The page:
Periodic Brand Maintenance

As mentioned earlier, brand audits are part of the ongoing maintenance of any brand to ensure the momentum initialized during brand activation.

If you want to stay on top of changes in the marketplace and remain relevant in the fickle minds of consumers, it’s critical to audit your brand at least once a year.

The findings can allow you to make slight adjustments to positioning and messaging that will ensure your brand is performing at its best.

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Whatever you do, don’t wait until it’s too late to do a brand audit. If your brand is already starting to feel stale and irrelevant, you shouldn’t waste another minute before getting started on a brand audit to pinpoint opportunities for improvement.

If you’ve never considered auditing your brand, don’t worry, you’re not alone. Most of our clients had never done a brand audit before working with us. But all of them are better off having done one.

How to Do a Brand Audit

We’ve done countless brand audits over the years, each of which has helped to inform and improve our methodology. If you’d like to do an audit of your own, we’ve outlined six important steps to follow:

Step 1: Identify Competitors


The first step is to survey the competitive landscape and come up with a list of companies that offer similar products or services as your own brand.

The length of the list depends entirely on which vertical you’re operating in—you want the list to be comprehensive but not unreasonable.

After compiling a master list, the next step is to prioritize your top 5 to 10 competitors to focus on for the more in-depth parts of the audit.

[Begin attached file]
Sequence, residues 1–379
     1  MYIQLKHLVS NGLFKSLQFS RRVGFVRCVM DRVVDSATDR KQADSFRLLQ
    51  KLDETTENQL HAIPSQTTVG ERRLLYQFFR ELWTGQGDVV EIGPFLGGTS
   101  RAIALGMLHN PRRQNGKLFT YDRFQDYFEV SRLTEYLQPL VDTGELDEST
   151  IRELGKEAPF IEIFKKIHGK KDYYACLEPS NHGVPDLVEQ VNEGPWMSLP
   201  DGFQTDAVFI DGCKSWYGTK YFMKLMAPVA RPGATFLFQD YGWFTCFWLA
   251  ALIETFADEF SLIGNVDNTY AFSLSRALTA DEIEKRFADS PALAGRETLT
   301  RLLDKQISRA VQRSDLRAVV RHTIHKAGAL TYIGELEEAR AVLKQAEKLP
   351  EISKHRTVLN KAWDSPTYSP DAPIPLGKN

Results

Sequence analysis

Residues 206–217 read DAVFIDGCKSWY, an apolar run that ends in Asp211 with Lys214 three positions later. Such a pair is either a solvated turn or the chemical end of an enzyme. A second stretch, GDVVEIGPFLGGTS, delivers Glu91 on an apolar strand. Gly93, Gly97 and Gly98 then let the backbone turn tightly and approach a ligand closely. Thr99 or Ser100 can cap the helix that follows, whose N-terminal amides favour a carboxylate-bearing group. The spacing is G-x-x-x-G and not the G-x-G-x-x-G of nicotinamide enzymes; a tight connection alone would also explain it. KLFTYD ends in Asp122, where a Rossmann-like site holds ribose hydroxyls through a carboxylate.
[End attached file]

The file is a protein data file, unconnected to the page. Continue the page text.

You may think your brand offers such niche products or services that “competition” in the traditional sense does not exist.

But no brand operates in a vacuum. There are always relevant similar brands that can be considered in the audit process.

Some questions to ask when identifying competitors include:

  • Who are your brand’s direct competitors?
  • What are some brands that offer similar products or services?
  • What are the benchmark or aspirational brands in your industry?
  • What are some industry directories or resources to review?

Step 2: Gather Assets


With a list of your top 5 to 10 competitors in hand, begin collecting relevant assets from each brand to analyze during your audit.

You’ll be gathering assets from both your competitors and your own brand. As you collect the assets, compile them in separate folders for later analysis.

Some questions to ask when gathering assets include:

  • What types of touchpoints best embody each brand?
  • Which assets best illustrate visual identity?
  • Which assets best represent verbal identity?

Spend time on company websites, social media channels, press releases, videos, etc. It probably goes without saying that the more thorough you are in gathering information, the more useful your findings will be.

What types of assets should you collect? The following brand audit example list should get you started:

Visual Identity Assets

  • Logos
  • Company names
  • Product and service names
  • Taglines and slogans
  • Trademarks
  • Brand guidelines

Business Stationery Assets

  • Business Cards
  • Letterheads
  • Envelopes
  • Notebooks
  • Folders

Sales and Marketing Assets

  • Sales and product literature
  • Brochures, flyers, posters
  • Newsletters
  • Email campaign templates
  • Advertising campaigns
  • Investor relations materials
  • Annual reports
  • Seminar literature
  • PowerPoint presentations
  • Awards

Electronic Communication Assets

  • Websites
  • Content
  • Photography
  • Video
  • Blogs
  • Apps

Environmental Application Assets

  • Signage
  • Retail stores
  • Showrooms
  • Events
  • Trade show booths
  • Banners

Internal Communication Assets

  • Employee communications
  • Internal newsletters
  • Employee handbook
  • Quarterly or annual meeting presentations